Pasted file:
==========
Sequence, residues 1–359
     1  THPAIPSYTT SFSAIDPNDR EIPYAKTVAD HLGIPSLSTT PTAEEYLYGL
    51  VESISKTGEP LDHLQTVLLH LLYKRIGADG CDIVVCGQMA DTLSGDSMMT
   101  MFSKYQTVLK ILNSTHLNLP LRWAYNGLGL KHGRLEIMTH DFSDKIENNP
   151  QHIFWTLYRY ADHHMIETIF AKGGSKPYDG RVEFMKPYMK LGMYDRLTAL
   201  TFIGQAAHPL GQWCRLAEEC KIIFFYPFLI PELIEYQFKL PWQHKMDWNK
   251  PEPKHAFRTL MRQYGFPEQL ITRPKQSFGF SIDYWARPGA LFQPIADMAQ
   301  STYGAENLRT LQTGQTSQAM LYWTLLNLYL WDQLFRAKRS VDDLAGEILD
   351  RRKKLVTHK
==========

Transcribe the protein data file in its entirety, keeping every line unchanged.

Sequence, residues 1–359
     1  THPAIPSYTT SFSAIDPNDR EIPYAKTVAD HLGIPSLSTT PTAEEYLYGL
    51  VESISKTGEP LDHLQTVLLH LLYKRIGADG CDIVVCGQMA DTLSGDSMMT
   101  MFSKYQTVLK ILNSTHLNLP LRWAYNGLGL KHGRLEIMTH DFSDKIENNP
   151  QHIFWTLYRY ADHHMIETIF AKGGSKPYDG RVEFMKPYMK LGMYDRLTAL
   201  TFIGQAAHPL GQWCRLAEEC KIIFFYPFLI PELIEYQFKL PWQHKMDWNK
   251  PEPKHAFRTL MRQYGFPEQL ITRPKQSFGF SIDYWARPGA LFQPIADMAQ
   301  STYGAENLRT LQTGQTSQAM LYWTLLNLYL WDQLFRAKRS VDDLAGEILD
   351  RRKKLVTHK